Wednesday, August 12th, 2009

At the SEMICON West 2009 Device Scaling TechXPOT, moderated by this editor, SEMATECH’s Ray Jammy reviewed the latest results in scaling CMOS transistors. “We are litererally running out of atoms,” explained Jammy. “You can see the number of atoms in a gate dielectric.” When you have such thin layers, how do you control device parameters? Metrology is also an issue; how do you see what you have made?

MOSFET scaling requires the control of the ultra-small and control. New materials are generally the solution, with more complex combinations of elements capable of providing high mobility with low leakage. Multiple gates (either dual-gate planar, or multi-gate fin)  and nanowires may provide better electrostatic control.

Jammy also discussed extensions of high-k (HK, where “high” is conventionally used to denote the modest k range of 10-20) interface engineering work needed to ensure ultra-shallow junctions for source and drain device regions. Derived from the “dipole engineering” of aluminum oxide (AlOx) for NFET and lanthanum oxide (LaOx) for PFET devices so that both can use a single metal contact, SEMATECH has been working on ways to use a “simple nitrogen-based interface” to lower the S/D contact resistance by an order of magnatude. The contact resistance is dominated by NiSix.

SEMATECH partner Mattson Technologies provides the rapid thermal processing (RTP) tooling used in the work (see figure) on gate and junction formation. Millisecond annealing is achieved by ramping the whole wafer up to a moderate temperature, and then flashing a light source for such a brief period that only the top side of the wafer is heated to a higher temperature. With proper control, this results in the bulk of the wafer being a heat sink to help rapidly cool the top side. Mattson’s RTP technology director, Paul Timans explained that different RTP approaches require different ion implant recipes to ensure optimum results. For example, changing to a millisecond anneal from a Spike anneal resulted in non-ideal Halo implant activation, such that dose and energy had to be adjusted to ensure proper device results.

For sub-30nm-node devices, preliminary data show that leakage from the gate dielectric alone is starting to dominate the power, so gate leakage must be controlled regardless of gate equivalent oxide thickness (EOT) or S/D structures.

High-k  dielectrics based on hafnium oxides that may be alloyed with Si and N are the current standard for CMOS gates <45nm node. Whether integrated in “gate-first” or “gate-last” flows, the HK layer currently sits on top of a ~1nm thick SiON interface layer (IL). The IL generally grows from the channel surface during the HK gate deposition process, such that it has conventionally been considered as an inevitable part of the structure.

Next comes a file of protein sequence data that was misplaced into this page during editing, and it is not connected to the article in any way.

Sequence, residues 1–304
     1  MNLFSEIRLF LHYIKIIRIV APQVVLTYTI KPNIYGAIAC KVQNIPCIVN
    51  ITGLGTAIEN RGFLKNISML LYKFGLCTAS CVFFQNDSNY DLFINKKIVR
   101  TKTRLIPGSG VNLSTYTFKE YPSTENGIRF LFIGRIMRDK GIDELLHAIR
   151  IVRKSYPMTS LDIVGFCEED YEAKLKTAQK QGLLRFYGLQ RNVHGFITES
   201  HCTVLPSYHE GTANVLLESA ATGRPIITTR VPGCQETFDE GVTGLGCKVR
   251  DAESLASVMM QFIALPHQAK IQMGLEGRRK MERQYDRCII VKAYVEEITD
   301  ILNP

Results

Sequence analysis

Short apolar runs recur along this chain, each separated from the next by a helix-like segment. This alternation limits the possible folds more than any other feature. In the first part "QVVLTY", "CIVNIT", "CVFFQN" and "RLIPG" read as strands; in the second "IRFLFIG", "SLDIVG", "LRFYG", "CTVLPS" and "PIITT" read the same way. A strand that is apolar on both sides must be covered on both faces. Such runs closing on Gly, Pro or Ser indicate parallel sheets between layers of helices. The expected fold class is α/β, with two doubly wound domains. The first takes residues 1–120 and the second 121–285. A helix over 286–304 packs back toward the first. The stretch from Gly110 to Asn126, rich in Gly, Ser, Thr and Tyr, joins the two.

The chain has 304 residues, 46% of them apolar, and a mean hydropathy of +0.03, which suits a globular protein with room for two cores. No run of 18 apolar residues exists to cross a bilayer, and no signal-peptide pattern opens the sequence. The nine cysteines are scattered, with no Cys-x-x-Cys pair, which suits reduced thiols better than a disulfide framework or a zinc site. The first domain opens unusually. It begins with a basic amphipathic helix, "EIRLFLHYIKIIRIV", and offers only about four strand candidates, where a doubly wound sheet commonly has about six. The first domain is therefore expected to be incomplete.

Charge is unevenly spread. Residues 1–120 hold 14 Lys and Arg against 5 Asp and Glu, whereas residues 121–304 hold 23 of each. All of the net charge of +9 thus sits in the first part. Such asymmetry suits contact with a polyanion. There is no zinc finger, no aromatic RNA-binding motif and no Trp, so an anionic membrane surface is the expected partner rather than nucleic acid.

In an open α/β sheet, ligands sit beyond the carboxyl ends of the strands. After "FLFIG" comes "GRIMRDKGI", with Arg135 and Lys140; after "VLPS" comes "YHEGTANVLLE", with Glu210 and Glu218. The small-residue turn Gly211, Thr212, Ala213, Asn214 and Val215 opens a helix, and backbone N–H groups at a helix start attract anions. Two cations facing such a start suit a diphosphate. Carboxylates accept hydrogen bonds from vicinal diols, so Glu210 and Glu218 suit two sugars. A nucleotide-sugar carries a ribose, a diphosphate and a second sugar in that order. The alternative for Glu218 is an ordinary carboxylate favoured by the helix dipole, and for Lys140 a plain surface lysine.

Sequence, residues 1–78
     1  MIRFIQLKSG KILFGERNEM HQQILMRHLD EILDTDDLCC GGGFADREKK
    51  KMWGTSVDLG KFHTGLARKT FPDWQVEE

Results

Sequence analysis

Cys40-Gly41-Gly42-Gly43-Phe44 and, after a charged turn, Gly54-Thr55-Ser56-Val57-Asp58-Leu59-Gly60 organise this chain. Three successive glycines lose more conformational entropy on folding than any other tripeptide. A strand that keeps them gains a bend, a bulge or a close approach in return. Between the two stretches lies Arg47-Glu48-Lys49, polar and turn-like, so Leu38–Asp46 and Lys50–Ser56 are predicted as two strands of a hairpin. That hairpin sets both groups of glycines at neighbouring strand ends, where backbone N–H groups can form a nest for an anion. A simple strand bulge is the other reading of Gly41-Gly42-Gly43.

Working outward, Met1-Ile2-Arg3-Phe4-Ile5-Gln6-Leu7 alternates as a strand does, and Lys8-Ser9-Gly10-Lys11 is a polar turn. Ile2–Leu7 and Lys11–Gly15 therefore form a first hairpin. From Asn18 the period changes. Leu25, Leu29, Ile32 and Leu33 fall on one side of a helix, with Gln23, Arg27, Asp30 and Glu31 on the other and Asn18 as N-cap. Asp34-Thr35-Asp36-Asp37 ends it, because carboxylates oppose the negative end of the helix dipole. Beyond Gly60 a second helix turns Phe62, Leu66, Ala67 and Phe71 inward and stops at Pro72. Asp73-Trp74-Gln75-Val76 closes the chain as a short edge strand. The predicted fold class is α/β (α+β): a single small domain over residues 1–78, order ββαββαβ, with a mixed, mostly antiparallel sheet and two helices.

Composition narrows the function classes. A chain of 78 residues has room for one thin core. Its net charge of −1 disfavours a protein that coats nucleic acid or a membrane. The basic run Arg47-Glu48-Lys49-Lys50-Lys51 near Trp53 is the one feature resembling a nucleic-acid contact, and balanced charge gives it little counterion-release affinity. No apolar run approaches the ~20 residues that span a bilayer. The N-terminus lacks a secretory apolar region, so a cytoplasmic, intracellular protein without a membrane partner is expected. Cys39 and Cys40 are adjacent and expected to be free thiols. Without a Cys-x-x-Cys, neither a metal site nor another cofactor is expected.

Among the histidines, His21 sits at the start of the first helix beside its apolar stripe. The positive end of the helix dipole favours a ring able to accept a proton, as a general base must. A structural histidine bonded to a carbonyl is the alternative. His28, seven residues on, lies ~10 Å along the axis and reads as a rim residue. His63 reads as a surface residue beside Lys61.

A later Device Scaling TechXPOT presentation by SEMATECH director of front-end processing Paul Kirsch on HK and metal gate (MG) for 22nm node and beyond devices showed breakthrough results on ability to reduce the IL to nothing. Zero interface layer (ZIL) HK uses HfOx directly on Si  capped by MG (see figure). The TEM image shows ~10° angular misalignment between the crystalline HfO2 and the underlying Si. Somehow, the process flow ensures both ZIL and almost no interface defects.

In a private message to BetaSights, Kirsch mentioned that, “We worked pretty hard to control the Hf : O ratio during the dielectric deposition. With the ‘correct’ Hf : O ratio, we were able to keep the annealing for S/D the same (i.e. a 1020C spike). This is useful for both gate first and gate last approaches.”

SEMATECH labs are already working on HKMG over both Ge and InGasAs with ZIL. Metrology for HK is VUV reflectometry (Ref: Metrosol), where one tool provides LaOx, AlOx, HfOx, HfSiO, SiOx interface measurements.

Monolayer caps of molecules to control work function have recently been explored by researchers at Rice University and North Carolina State University (NCSU). James M. Tour (Rice) and Paul D. Franzon (NCSU) et al. published “Controllable Molecular Modulation of Conductivity in Silicon-Based Devices” (Ref: J. Am. Chem. Soc., 2009, 131 (29), pp 10023–10030), showing that a molecular monolayer, covalently grafted atop a silicon chanel, can play a role similar to gating and impurity doping.

Charge transfer occurs between the silicon and the molecules upon grafting, which can influence the surface band bending, and makes the molecules act as donors or acceptors. The partly charged end-groups of the grafted moleculular layer may act as a top gate. The doping- and gating-like effects together lead to the observed controllable modulation of conductivity in pseudometal oxide semiconductor field-effect transistors (pseudo-MOSFET). If such grafted molecules can withstand 450°C to allow for standard metal interconnect processing, then such devices could be easily mass produced in current IC fabs.

If you are interested in HKMG technology, then you definitely want to be in San Francisco during August 24-26 for the IEEE-SEMATECH 6th International Symposium on Advanced Gate Stack Technology. Top researchers from GlobalFoundries, IBM, Intel, Samsung, TI, Qualcomm, and major universities will present their findings on unit processes, integrated flows, and future devices. –E.K.

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